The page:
Contractors may no longer be permitted to sell apartments on land that is yet to be re-zoned for construction. If a plan for a new housing construction exists but the permit for building has yet to be issued, firms may sell units to buyers, but only with the proviso that the project is not yet legally authorized, providing the date for the expected authorization, and that buyers can get their money back in its entirety should the permit not be issued.

Also, any significant change in a purchased apartment’s layout, including in common areas such as storage spaces and lobbies, would be considered legally as failure to fulfill the contractor’s commitment and buyers may recoup their investment.

JNi.Media

EgyptAir Flight MS804 Disappears Over Mediterranean

Thursday, May 19th, 2016

Egypt Air Flight MS804 en route to Cairo from Paris disappeared over the Mediterranean Sea early Thursday morning.

The plane was an Airbus 320 manufactured in 2003. It went off the radar 10 minutes out of Egyptian airspace at 02:45 local time (CLT), as it was cruising at an altitude of approximately 37,000 feet.

The aircraft departed Charles de Gaulle airport at 23:09 CEST. Civil aviation officials in Egypt were quoted by Vice News as saying the aircraft ‘probably crashed into the sea.’ A French airport official who requested anonymity told Reuters, “It did not land. That is all we can say for the moment.”

Government officials in Greece are investigating a report by a merchant ship’s captain who said he saw “a flame in the sky” over the area in the Mediterranean in which the plane disappeared.

The pilot, identified as Captain Mohamed Shokeir, was highly experienced with more than 6,000 flight hours, according to the Al Ahram daily. The copilot had more than 2,000 flight hours.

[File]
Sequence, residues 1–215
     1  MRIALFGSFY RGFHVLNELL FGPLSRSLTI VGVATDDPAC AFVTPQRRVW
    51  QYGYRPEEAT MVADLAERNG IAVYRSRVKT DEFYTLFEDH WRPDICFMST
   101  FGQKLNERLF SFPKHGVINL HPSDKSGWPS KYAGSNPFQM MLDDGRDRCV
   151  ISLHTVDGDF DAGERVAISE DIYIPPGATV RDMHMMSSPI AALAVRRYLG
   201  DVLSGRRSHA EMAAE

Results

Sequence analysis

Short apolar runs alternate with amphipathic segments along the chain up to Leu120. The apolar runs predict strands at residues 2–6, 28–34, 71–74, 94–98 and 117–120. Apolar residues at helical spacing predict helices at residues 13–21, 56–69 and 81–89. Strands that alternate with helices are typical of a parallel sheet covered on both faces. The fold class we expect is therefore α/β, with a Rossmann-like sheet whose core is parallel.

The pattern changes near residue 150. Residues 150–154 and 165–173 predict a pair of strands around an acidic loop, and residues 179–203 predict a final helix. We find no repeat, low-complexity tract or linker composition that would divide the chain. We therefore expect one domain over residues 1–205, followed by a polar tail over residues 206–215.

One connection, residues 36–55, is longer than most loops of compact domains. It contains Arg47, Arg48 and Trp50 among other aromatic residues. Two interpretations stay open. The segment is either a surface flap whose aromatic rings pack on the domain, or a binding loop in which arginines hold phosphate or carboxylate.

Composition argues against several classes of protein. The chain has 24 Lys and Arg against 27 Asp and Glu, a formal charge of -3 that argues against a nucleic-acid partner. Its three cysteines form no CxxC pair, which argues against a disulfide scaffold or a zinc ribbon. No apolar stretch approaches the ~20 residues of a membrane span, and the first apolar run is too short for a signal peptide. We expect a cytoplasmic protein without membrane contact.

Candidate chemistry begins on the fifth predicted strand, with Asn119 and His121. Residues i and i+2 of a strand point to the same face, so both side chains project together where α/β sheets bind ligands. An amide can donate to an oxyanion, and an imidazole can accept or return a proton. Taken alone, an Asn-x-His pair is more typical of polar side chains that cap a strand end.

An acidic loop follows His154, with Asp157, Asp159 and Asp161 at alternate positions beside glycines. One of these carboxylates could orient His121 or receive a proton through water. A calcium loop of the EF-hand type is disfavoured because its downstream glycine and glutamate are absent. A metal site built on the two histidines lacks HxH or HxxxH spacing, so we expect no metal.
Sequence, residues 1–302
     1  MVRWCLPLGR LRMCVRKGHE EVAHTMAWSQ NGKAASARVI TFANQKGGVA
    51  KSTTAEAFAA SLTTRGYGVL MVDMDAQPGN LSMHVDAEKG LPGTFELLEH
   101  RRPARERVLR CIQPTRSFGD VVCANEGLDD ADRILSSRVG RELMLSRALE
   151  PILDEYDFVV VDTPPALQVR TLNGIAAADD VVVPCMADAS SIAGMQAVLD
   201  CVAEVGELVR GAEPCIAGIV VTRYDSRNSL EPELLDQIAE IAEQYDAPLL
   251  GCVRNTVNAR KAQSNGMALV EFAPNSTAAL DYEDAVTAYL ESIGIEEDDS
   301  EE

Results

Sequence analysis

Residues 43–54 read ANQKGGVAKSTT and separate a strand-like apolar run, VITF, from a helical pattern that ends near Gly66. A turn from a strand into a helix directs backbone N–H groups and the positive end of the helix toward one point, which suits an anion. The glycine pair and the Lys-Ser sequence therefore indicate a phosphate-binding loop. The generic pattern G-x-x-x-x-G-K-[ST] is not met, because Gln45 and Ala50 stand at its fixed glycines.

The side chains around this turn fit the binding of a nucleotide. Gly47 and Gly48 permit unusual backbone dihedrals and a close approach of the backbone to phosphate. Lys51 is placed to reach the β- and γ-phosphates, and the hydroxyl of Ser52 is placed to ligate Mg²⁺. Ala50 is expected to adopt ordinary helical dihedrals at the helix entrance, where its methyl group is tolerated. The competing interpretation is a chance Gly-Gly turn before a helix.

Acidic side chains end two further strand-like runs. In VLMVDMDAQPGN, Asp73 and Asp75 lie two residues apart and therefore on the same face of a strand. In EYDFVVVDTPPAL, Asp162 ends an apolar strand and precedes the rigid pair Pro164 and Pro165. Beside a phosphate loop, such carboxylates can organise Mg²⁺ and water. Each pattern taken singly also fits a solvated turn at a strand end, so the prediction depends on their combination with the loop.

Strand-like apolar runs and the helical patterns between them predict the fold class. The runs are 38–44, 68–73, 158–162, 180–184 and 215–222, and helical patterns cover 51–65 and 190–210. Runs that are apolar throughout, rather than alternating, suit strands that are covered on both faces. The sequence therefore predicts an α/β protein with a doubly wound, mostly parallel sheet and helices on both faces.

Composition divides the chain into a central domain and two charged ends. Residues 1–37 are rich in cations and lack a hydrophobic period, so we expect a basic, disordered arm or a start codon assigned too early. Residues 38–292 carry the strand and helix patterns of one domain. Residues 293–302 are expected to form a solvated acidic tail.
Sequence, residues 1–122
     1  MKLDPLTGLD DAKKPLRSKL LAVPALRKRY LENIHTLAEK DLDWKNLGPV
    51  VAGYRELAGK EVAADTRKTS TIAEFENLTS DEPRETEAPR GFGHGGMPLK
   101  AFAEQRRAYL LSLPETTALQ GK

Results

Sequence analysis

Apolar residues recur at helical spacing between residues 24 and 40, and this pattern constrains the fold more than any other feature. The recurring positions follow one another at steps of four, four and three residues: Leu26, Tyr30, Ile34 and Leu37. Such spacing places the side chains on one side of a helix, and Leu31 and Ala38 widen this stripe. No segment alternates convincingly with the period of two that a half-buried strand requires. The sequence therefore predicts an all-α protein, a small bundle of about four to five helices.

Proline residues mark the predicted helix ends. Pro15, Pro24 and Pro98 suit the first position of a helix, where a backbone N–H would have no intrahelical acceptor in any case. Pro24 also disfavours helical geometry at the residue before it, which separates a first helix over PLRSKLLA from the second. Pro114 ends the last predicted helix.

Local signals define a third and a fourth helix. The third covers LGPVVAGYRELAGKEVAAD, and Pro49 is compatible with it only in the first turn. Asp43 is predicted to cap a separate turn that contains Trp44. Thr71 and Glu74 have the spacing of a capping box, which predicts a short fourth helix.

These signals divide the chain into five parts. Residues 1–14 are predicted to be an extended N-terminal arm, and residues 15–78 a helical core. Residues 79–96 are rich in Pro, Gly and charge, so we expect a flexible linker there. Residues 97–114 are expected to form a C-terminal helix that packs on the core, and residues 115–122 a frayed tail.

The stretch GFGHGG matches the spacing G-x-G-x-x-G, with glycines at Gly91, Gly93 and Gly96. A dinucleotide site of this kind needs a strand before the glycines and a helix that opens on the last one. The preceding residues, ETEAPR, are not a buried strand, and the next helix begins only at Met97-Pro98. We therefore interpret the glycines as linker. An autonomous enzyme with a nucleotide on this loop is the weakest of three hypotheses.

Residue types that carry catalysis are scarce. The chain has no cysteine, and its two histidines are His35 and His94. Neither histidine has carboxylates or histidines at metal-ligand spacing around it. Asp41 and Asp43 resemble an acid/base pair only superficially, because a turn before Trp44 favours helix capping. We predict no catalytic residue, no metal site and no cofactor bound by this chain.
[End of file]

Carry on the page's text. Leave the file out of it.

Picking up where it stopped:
At the time, the aircraft was carrying 56 passengers with three security personnel and seven cabin crew, Gulf Business.com reported. The passengers included 15 French nationals, 30 Egyptians, two Iraqis, one from the UK and a Canadian, as well as a Belgian, a Saudi, a Sudani, a Czech national, one Portuguese and an individual from Algiers.

Egyptian Army fighter jets and Greek ships are searching together for the missing EgyptAir plane, according to Al Ahram.

Hana Levi Julian

Noble Energy, Delek to Speed Up Israeli Gas Production at Leviathan

Thursday, February 25th, 2016

The developers of the mammoth Leviathan natural gas field filed an expanded development plan Wednesday with the Petroleum Supervisor at Israel’s Ministry of Infrastructure, Energy and Water Resources.

Texas-based Noble Energy Inc., Delek Group Ltd., and Delek Drilling LP now plan to speed up development to bring gas and condensates on stream by 2019, Globes reported.

There’s good reason to move as fast as possible: until the gas begins flowing, the cost of development is $5-6 billion. Still, the first estimate for what has become Israel’s largest infrastructure project was originally $6-7 billion.

Eight drilling sites are to be connected by an underground pipeline to the platform and rig where all the gas management systems will be installed. This platform will be linked to the coast by another pipeline to be built by the Israel Natural Gas Lines Company. From there, the gas will be sold to Israeli customers at home and exported to neighboring countries as well.

Production capacity will reach 21 billion cubic meters (bcm) per year in order to meet market demand. This is five bcm more than the original development plan, which capped at 16 bcm.

The annual pipeline capacity will only be 12 bcm; however there will be an additional outlet on the platform at sea, which could be used to export directly to a regional nation as needed. That outlet will also be able to handle a 12 bcm per year pipeline as well.

All the gas treatment which is to take place at sea, will be carried out in accordance with the national master plan that was approved by the relevant authorities.

Hana Levi Julian

Printed from: http://www.jewishpress.com/news/breaking-news/noble-energy-delek-to-speed-up-israeli-gas-production-at-leviathan/2016/02/25/